Exactly how a window gains the focus depends on the windowing system. There is no foolproof way, across all platforms, to ensure that a window gains the focus. On some operating systems, such as Microsoft Windows, the front window usually becomes the focused window. In these cases, the Window.toFront method moves the window to the front, thereby giving it the focus. However, on other operating systems, such as Solaris™ Operating System, the window manager may choose the focused window based on cursor position, and in these cases the behavior of the Window.toFront method is different.

A component generally gains the focus when the user clicks it, or when the user tabs between components, or otherwise interacts with a component. A component can also be given the focus programmatically, such as when its containing frame or dialog-box is made visible. This code snippet shows how to give a particular component the focus every time the window gains the focus:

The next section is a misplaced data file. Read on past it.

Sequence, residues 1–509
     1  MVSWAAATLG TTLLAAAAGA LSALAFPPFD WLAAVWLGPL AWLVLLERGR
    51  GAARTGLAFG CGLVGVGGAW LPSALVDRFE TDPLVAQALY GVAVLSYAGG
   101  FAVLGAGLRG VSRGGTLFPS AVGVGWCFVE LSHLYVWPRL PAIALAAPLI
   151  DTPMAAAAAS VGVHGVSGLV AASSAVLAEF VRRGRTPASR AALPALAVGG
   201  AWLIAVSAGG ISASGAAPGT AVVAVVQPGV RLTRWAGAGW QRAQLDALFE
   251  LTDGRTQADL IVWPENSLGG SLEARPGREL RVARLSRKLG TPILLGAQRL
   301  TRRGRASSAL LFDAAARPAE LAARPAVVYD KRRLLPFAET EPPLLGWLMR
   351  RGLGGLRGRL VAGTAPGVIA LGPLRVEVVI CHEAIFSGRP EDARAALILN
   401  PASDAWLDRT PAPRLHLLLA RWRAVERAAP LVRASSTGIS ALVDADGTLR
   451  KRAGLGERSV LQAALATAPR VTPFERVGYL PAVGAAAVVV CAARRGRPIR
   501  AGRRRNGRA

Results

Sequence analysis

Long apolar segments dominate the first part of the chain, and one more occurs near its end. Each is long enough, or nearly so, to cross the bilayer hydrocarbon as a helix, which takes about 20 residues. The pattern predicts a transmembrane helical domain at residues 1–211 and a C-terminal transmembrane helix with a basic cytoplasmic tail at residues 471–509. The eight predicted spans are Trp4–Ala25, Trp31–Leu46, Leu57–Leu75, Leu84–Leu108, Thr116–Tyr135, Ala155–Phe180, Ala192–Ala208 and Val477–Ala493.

//Make textField get the focus whenever frame is activated.
frame.addWindowFocusListener(new WindowAdapter() {
    public void windowGainedFocus(WindowEvent e) {
        textField.requestFocusInWindow();
    }
});

If you want to ensure that a particular component gains the focus the first time a window is activated, you can call the requestFocusInWindow method on the component after the component has been realized, but before the frame is displayed. The following sample code shows how this operation can be done:

    //...Where initialization occurs...
    JFrame frame = new JFrame("Test");
    JPanel panel = new JPanel(new BorderLayout());

    //...Create a variety of components here...

    //Create the component that will have the initial focus.
    JButton button = new JButton("I am first");
    panel.add(button);
    frame.getContentPane().add(panel);  //Add it to the panel

    frame.pack();  //Realize the components.
    //This button will have the initial focus.